Two nights in a monastry
The place was inhabited by hermit monks since Roman times, its name is due to Moses the Abyssinian, the son of an Ethiopian king, who preferred hermit life to the throne. At his death by Byzantine soldiers hands, an inch was kept in Syria.
The main church of the monastery has precious frescoes dating from the eleventh and twelfth century AD
After decades of total neglect, the monastery was taken over by Father Paolo Dall’Oglio, from Rome, who renewed it and there he founded a community that hosts Catholics, Syrian Orthodox and anyone who wants to have a spiritual experience.
The location of the monastery is fantastic, clinging in a gorge between two mountains and accessible only by foot, climbing a few hundred steps or along a barren, sandy valley behind. The view is exceptional: in front there’s the Syrian desert, in the distance we see a barren mountain range.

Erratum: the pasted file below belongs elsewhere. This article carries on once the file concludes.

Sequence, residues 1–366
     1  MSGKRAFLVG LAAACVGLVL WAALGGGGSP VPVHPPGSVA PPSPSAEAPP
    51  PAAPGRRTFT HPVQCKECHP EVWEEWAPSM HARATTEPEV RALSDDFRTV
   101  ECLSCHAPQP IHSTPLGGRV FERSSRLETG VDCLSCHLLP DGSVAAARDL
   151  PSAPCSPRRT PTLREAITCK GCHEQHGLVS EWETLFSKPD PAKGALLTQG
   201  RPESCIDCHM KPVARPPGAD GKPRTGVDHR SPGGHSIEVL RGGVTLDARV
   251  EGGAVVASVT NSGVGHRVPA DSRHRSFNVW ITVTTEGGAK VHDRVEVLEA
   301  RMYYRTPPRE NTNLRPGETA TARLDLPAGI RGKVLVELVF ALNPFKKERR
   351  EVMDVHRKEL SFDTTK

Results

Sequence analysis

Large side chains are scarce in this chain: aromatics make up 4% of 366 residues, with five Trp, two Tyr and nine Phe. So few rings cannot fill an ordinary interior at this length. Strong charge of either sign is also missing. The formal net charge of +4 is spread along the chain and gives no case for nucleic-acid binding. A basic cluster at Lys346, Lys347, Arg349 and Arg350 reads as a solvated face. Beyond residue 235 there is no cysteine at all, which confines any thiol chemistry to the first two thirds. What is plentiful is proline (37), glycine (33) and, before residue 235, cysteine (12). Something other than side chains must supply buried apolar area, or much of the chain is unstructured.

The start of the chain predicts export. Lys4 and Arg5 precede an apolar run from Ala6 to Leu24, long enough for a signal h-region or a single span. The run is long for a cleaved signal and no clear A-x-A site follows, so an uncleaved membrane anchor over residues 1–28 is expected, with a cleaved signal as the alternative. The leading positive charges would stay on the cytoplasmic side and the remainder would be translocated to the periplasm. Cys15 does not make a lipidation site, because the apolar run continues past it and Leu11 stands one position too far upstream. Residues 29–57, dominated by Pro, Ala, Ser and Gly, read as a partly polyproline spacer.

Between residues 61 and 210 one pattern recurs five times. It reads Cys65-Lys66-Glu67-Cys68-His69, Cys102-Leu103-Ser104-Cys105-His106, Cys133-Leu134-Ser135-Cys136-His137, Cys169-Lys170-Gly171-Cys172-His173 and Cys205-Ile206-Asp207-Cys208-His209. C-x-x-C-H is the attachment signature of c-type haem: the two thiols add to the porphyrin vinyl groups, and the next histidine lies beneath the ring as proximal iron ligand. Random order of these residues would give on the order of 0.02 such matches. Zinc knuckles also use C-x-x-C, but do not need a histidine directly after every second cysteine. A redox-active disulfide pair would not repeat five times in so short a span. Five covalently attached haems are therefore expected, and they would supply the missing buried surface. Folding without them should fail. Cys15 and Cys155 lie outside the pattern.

The evening offers the sunset right on the terrace. And then the night, so dark, shows a starry vivid sky.
A few people live there permanently, but the place is often crowded with visitors, most of whom, it may seem strange, they are young. Many go to Mar Musa for purely religious reasons, others seek spirituality and peace. And I assure you that you find that, though, as everywhere, you can run into someone who did not understand where he is.
Food and accomodation are free. The only required thing is to help: for cooking, for laying, for putting in order. And of course to participate to meditative events, or to the prayer. Sometime it could happen some “extra” work, as happened to me and other guys, volunteered, first to collect seeds of a medicinal plant and then to transfer gravel by loading it on a pulley.
Obviously an offer before you go away is very welcome.
At the start I decided to spend only one night, but the silence and the atmosphere have prompted me to stay one day more.
This is the monastry web site: www.deirmarmusa.org